Each year we get a new series of flagship Android smartphones from the likes of Samsung, LG, Motorola, HTC and more. Unfortunately, very few of these devices end up being big winners. For a long time, LG’s devices were hidden in the shadow of Samsung’s successes, despite being quite similar in specs, design, and features.
But last year, LG changed that with its LG G3, an overall great smartphone with a cutting-edge design, top-of-the-line specs, and even a trimmed down software update. This year’s G4 doesn’t change much of what made the G3 great, which is actually a good thing.
Here are the five standout qualities about the LG G4:
LG’s been putting great displays on the smartphones for years now, and the G4 is no different. The G4 has a 5.5-inch, 2560×1440 resolution screen which equals out to a pretty insane pixel density of around 538 ppi (pixels per inch). It’s what LG calls an IPS “Quantum Display”, which means it’s got some really nice contrast that’s comparable with what Samsung is doing on its newest smartphones. If those numbers and acronyms don’t mean anything to you, just know this: the LG has a fantastic display and it’s one of the very best you can buy.
While the software on the G4 isn’t necessarily anything to write home about in the design department, LG has certainly made some really great changes in making the user interface a bit more aesthetically pleasing. The G4 runs the newest version of Android, 5.0 Lollipop, with a custom LG skin over it. It’s not as clean, light, and minimalist as stock Android, but it takes many of the best parts of Lollipop and implements some genuinely helpful features such as dual-screen mode and a resizable keyboard.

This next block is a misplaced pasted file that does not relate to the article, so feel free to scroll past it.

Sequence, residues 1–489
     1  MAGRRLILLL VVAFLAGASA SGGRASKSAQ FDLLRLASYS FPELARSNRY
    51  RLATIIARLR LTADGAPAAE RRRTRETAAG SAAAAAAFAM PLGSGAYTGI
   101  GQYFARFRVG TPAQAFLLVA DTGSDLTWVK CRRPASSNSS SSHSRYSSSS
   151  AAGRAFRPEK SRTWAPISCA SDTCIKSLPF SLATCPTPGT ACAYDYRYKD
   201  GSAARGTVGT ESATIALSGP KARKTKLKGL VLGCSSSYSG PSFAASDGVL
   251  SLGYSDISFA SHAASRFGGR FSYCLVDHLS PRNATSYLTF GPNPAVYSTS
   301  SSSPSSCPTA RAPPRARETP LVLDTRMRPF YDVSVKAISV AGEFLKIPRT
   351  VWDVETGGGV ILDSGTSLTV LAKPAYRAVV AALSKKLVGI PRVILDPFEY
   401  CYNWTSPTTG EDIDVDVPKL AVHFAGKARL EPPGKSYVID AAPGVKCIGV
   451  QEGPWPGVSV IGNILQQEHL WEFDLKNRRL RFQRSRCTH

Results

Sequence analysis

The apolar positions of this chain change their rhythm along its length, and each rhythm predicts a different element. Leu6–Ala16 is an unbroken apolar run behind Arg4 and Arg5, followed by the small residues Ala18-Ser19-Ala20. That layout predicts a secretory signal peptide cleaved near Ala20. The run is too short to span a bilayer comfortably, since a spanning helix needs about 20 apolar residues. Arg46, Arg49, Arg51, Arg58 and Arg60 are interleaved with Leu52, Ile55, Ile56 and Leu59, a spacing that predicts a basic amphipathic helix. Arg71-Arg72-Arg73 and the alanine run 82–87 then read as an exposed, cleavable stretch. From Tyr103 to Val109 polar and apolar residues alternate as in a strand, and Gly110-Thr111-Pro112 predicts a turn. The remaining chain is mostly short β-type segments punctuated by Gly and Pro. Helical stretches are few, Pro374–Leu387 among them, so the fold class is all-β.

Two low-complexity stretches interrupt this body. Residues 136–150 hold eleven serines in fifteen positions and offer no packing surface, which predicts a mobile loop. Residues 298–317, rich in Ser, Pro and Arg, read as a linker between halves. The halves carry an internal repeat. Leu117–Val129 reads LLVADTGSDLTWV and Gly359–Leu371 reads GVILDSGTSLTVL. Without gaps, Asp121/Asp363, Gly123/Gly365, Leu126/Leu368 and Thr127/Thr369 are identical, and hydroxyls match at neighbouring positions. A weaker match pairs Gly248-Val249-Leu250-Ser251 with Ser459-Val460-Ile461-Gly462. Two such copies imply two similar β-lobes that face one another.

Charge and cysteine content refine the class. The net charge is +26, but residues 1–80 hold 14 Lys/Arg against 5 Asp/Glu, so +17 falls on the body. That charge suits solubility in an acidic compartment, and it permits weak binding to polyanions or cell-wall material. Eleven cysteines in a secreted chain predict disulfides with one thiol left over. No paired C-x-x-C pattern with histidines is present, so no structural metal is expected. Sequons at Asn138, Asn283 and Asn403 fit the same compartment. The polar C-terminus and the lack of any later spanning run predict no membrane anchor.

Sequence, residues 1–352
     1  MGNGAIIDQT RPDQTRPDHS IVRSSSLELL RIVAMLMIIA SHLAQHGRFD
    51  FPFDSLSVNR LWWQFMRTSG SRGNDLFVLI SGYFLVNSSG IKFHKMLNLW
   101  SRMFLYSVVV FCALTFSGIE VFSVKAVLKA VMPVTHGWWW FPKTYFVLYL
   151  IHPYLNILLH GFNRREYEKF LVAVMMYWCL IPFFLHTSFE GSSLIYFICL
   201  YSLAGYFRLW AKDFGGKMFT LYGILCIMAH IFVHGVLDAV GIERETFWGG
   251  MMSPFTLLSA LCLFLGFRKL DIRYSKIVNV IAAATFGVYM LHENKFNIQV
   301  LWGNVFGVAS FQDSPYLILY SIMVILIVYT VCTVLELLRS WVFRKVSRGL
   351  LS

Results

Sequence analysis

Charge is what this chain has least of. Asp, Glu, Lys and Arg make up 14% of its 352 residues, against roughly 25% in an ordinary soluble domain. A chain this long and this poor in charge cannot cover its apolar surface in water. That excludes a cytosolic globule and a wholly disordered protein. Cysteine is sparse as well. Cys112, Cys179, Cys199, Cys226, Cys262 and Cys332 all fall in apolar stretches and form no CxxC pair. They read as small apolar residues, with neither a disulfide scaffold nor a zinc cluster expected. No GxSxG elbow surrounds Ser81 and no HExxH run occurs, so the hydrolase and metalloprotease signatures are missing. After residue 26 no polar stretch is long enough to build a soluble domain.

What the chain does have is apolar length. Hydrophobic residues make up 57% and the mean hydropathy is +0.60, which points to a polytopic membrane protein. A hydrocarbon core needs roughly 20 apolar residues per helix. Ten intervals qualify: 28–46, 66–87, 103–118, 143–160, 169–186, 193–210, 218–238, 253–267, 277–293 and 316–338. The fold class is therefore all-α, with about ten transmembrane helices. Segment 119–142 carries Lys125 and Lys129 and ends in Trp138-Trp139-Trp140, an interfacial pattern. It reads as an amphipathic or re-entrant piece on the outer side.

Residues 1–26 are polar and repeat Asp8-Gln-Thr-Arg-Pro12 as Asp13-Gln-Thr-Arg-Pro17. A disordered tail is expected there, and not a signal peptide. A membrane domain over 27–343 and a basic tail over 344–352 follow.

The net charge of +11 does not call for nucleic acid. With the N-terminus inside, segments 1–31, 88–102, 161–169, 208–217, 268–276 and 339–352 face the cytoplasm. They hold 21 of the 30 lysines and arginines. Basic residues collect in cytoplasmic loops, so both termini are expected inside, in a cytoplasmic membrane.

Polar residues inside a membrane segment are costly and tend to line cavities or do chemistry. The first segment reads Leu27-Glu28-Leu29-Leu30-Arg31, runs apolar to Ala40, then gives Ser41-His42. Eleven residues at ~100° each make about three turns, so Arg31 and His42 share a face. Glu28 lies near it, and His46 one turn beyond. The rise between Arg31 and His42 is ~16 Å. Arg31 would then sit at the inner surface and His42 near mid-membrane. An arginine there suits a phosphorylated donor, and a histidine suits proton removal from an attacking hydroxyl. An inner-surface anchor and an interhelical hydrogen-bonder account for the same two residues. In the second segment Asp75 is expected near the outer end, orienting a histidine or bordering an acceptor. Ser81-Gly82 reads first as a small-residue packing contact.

There’s been quite a bit of talk about the G4’s camera—and for good reason. The G4’s wide lens and extremely fast laser-focusing system make it the kind of camera that encourages users to pull it out and snap a quick photo. This thing also has image stabilization, making low-light shots pretty decent as well. But not only does the G4 take great quick photos, it also allows for some really meticulous altering and setting up the shot in Manual Mode from within LG’s camera software. It won’t replace your DSLR, but it certainly tries.
One of the biggest hang-ups people have with Samsung’s Galaxy S5 and Galaxy S5 Edge is the lack of a removable back. It was the company’s first move into the world of a tighter, more unibody design but it left a lot of people missing the option of a replaceable battery and expandable microSD storage. Fortunately, those people still have the LG G4, which keeps the feature and remains one of the best smartphones that still has it.
Speaking of the G4’s back, there are a bunch of different options for backs and they can each be switched out however you like. If you aren’t keen on the plastic backs like I am, one of the nicest looking options is the leather backs. I’ve loved the leather back on the Moto X and the leather back here feels just as premium. You’ve got three color options on top of that, so you’re bound to find something you like.